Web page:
The Ismaili are most definitely not heretics in the Muslim world (not all Arabs are Muslims and not all Muslims are Arabs).

Unlike the Sunni, the Shia community is made of many many sects. The Twelvers are the most populous (so-named for their "waiting" for the Hidden Imam, the 12th one since Ali). The second most populous Shia sect are the Ismaili. They'd only be seen as heretics by anyone who would see any Shia branch as heretics.
the_monkey_king
Jul. 20th, 2007 01:41 pm (UTC)
Re: Ismaili
I suspected that, but since the sources I read about the Ismaili were all discussing the early years, it wasn't clear. Thanks for clarifying.

The Ismaili in the medieval period, though, did fight against fellow Muslims as well as against the Crusaders. The view of them was not entirely favorable; the current Aga Khan and the current state of that branch of Islam is quite removed from the Ismaili founders, no? Maybe I did read too many Sunni histories...

I'm not sure I understand "Unlike the Sunni,". Aren't the Wahhabi, Sufi, and others all Sunni sects? Or are there just *less* sects among the Sunni than among the Shia?
davandhol
Jul. 23rd, 2007 05:48 pm (UTC)
Re: Ismaili
That was my anonymous comment previously--I had forgotten to sign in.

It's been a bit since my Middle East history classes and some of my reading, but there were a lot of factions of Islam during the medieval period (most periods, really) with all the caliphates and dynasties based on descendant from important people. While the main Shia sect are Twelvers, there are Fivers, Seveners, etc., all based on when they split off counting Imams (with a capital I).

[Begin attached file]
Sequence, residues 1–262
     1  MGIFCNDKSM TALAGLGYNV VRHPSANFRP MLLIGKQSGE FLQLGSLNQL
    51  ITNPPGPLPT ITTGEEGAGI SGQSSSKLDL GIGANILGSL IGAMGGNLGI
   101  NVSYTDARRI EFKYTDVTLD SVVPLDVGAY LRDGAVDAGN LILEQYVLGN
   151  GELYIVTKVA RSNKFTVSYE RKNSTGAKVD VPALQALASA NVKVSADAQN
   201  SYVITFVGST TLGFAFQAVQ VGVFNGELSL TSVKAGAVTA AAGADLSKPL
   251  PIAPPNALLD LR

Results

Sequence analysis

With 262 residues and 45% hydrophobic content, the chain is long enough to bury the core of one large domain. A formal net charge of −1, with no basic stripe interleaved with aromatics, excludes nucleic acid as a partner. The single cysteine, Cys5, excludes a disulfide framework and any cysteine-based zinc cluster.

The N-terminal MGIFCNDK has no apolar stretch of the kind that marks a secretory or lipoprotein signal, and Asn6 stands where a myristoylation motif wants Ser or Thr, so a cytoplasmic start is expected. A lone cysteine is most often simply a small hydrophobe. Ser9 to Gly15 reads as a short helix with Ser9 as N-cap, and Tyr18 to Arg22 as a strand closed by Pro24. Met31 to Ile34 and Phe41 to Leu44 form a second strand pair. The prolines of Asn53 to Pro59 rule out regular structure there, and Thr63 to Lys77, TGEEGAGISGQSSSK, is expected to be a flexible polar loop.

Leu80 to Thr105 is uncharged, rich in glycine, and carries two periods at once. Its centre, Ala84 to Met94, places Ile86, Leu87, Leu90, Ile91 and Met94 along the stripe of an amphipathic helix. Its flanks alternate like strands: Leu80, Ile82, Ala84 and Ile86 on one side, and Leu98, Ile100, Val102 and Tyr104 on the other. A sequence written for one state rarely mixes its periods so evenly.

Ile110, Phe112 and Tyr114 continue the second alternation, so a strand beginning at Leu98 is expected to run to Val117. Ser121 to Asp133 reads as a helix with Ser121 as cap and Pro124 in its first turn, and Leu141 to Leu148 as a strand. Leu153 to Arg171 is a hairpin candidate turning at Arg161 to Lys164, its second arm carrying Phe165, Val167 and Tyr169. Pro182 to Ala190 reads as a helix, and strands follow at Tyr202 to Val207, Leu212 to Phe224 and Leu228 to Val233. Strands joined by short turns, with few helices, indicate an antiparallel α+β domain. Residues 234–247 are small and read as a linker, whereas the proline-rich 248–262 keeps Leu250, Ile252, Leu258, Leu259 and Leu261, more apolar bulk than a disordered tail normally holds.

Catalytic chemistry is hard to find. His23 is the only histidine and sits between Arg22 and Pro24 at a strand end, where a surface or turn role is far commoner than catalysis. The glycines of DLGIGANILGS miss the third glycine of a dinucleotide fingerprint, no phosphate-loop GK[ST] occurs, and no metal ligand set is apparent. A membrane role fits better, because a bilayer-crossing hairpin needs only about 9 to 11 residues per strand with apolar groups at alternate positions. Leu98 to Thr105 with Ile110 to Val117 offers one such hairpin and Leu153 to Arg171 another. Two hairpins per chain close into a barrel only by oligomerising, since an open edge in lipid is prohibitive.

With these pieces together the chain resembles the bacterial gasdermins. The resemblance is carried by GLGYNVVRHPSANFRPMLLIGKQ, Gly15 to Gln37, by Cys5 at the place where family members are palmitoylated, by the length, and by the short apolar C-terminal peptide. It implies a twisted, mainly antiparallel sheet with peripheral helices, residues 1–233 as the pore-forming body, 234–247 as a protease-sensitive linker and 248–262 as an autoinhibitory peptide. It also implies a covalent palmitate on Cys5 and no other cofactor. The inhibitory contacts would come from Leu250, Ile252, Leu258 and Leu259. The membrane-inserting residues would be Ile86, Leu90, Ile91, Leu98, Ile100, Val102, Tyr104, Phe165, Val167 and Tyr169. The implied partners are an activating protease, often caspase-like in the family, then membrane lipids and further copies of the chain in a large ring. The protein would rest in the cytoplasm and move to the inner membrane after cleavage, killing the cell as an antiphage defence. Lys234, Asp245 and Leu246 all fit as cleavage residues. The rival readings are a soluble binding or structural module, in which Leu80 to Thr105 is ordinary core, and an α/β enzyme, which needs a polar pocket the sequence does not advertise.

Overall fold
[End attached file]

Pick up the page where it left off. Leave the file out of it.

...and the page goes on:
The Fatimid dynasty which ruled much of Egypt, North Africa, and Palestine in the 10th-12th centuries were also Ismaili. So I feel that it's hard to state that the Ismaili were significant one way or another in terms of fighting people. Islam has not really been a united entity since the 7th-8th centuries.

You're right in that Sunni does have sects of its own, but while you could (crudely) compare Sunni to Catholicism, the Shia would be the infinite number of Protectant denominations. I don't have enough fingers and toes to name all the Shia sects that I know. Besides, I never got the impression that Wahhabism/Salifism was really a *denomination* of Sunni Islam, like Twelvers and Ismaili are of Shia.

Anyway, I'm only a student who has taken a few classes on the history and geography of the Middle East, plus a reader of a bunch of history books about Islam and the Arabic world, so I may have gotten some of the above wrong. I hope it helps, though.
( 13 sutras — Your wisdom )